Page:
An image I have for the shape of this journey is that there’s something like a wave of change moving through time.. some are at the front of the wave, others are further behind. If a Transition project (or any other) tries to push too far ahead of where the groundswell of the people in its community are, it loses touch with them and will meet resistance and opposition. But it also needs to be encouraging, inspiring, challenging, the status quo to keep people moving forward on the wave and to keep the whole wave moving forward. Transition is just one of many, many groups keeping this wave moving – partly by pushing, and partly just being carried – because the truth of our situation is there for all to see, and people are waking up to it all the time. From time to time major incidents like Fukoshima inJapan, hurricanes, floods, or national collapsing, bring a whole new rush of energy forwards into the wave.

On such a journey we need to be really connected – not only to the leading edges of the wave of change in the form of other change agents, but also to other groups, people and issues in our communities. One of the vital ingredients we need to prioritise in these times is building networks and partnerships. I wonder if can be a result of the extraordinary success of Transition, and the relative absence of lots of other movements working at the community level of scale, that it’s possible to fall into the trap of thinking that it’s down to us to bring about the change.

Being a part of a variety of networks as we ride this wave of change is about being connected, reaching out and moving with others. There's another direction that is often left out, that of deepening - which also has something useful to offer to the debate about scaling up.

My thought about deepening comes from Marianne Williams, who spoke in Totnes in 2008 in the early days of Transition. One of her ideas which has really stayed with me is that there are two dimensions to building a movement. The one which most people see is about expanding - growing in size, reaching more people, gaining momentum. It often has the quality of pushing – how can we reach beyond the usual suspects, how can we bring in the early majority? It’s essential and important work.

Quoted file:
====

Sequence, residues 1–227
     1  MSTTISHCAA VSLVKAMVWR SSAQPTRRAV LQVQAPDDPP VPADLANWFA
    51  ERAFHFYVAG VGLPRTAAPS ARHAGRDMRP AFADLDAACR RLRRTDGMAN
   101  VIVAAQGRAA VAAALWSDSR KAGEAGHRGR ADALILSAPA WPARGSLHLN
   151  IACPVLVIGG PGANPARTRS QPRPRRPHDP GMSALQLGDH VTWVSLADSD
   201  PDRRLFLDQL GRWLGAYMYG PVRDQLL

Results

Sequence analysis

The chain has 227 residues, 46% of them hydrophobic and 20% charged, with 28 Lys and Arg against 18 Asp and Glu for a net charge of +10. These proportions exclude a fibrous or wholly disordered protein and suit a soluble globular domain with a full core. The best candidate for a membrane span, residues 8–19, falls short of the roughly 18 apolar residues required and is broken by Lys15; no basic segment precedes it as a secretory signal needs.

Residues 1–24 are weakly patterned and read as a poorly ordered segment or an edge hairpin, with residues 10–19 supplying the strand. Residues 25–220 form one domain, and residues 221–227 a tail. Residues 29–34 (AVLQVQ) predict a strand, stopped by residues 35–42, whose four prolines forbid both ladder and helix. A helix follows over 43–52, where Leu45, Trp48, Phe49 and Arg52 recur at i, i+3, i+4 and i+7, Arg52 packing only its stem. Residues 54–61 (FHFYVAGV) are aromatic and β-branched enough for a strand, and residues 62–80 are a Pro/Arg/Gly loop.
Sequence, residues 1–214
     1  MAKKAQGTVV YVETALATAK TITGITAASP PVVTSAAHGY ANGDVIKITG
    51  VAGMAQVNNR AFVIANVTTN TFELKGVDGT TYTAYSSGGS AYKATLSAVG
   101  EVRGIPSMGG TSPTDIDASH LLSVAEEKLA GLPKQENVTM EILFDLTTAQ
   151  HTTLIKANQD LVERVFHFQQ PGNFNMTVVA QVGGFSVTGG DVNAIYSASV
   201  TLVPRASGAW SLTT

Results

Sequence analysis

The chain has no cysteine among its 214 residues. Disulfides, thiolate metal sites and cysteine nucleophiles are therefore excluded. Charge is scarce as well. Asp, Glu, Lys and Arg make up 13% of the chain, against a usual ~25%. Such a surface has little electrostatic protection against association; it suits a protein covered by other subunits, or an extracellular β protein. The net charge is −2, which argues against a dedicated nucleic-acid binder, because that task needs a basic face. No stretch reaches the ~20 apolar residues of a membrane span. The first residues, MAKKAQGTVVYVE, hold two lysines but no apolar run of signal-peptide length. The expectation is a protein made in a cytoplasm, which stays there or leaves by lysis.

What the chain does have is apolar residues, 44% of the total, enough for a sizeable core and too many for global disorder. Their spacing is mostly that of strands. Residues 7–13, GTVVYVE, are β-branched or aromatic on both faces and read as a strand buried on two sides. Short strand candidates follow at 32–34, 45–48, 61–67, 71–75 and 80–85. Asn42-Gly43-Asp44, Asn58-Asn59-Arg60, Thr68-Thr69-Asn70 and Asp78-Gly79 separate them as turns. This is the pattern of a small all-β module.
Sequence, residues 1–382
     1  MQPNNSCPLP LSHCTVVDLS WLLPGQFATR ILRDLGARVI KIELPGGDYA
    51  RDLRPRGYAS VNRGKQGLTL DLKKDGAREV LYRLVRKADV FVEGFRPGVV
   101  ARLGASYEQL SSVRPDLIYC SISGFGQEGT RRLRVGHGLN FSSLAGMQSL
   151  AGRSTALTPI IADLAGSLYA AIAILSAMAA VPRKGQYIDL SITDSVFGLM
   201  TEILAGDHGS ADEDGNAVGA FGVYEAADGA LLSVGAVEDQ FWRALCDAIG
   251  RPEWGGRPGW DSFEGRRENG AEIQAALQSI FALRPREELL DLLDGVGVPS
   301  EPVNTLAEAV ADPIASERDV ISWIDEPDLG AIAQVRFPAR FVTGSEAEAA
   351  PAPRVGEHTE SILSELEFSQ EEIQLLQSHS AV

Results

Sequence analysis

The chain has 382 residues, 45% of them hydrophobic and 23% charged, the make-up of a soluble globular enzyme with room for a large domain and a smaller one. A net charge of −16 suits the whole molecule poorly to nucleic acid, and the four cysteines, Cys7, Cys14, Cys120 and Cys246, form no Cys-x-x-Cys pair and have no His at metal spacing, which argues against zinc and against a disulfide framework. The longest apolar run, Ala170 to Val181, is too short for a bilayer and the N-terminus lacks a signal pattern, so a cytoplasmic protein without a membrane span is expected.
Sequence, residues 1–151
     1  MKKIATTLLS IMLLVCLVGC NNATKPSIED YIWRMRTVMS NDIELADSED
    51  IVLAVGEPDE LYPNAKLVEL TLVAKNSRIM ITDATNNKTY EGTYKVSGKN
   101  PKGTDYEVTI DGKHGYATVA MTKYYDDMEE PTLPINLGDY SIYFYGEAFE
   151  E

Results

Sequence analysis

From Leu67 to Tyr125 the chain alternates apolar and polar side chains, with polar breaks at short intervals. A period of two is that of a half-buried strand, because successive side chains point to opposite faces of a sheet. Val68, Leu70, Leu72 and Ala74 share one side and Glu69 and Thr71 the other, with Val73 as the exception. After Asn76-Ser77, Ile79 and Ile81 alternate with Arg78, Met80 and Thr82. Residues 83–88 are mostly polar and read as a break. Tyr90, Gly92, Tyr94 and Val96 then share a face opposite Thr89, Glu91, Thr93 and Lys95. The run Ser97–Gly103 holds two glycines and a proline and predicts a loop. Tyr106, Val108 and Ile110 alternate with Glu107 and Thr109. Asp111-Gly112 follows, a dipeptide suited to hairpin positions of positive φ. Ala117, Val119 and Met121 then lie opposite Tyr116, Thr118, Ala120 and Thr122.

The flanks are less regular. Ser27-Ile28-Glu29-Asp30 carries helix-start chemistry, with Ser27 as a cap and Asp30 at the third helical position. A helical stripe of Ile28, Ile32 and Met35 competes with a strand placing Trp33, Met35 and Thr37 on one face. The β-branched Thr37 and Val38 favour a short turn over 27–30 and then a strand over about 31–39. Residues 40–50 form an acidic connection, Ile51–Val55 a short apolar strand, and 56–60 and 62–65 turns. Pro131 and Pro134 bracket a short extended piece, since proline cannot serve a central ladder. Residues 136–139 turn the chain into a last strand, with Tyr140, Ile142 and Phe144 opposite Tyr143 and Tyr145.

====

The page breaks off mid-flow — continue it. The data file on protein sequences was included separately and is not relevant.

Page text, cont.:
The second dimension is vertical, and is about the nature of what the movement seeks to bring into the world. Movements which put out profound truths which speak to universal human issues have the potential to spread widely and last because what they talk about touches everyone. Those which touch the surface of problems, or address short term issues gain less traction and pass. So people like Christ, Buddha, Gandhi, Martin Luther King, who not only could understand profound issues about the human condition but also could articulate solutions which they embodied in the way they lived, created movements that appealed to millions, and have lasted for decades or centuries.

I’m not suggesting that Transition become a spiritual movement. But I think it’s worthwhile spending time exploring the deep truths that Transition can speak to. What is the most profound and way of speaking about the issues we are facing, and what kind of solutions does Transition propose. Are we about relocalising our economy? Are we about the move away from materialism to a focus on human well being? Are we about creating a sense of reconnection, to self, other, society and the natural world? Are we wanting to Transition from a culture of exploitation and competition to one of peace and unity? What are the deepest values that we want to see embedded in our communities?

I would like to encourage the hundreds of leaders, thinkers, do-ers and seekers in our movement to pause from time to time and reflect together on how we understand our true purpose and mission. What is the deepest expression of the Transition vision? How are we living that? What qualities do people see in us when we speak or act? I’m not suggesting that we use this as the basis for our public conversations, but I think it’s helpful to be clear within ourselves. Within any Transition group I doubt all would agree what the deepest vision is, but I hope we can at least have the conversation about what we truly long for.

Reflecting on all these ideas I can see the unifying theme is about how to be with what is – the challenges, frustrations, limitations – and still be as effective as possible. Scaling up our practical activities is one way to increase our effect – and it’s not the only way. Exploring these other dimensions of building a movement and having an impact has helped me to feel more spacious, curious and open to the many different ways we can create success, and to see that the variety of shapes and sizes that we have in Transition is welcome, resilient and powerful. 


Jonathan Crinion 1's picture

Scaling down

Good one Sophy.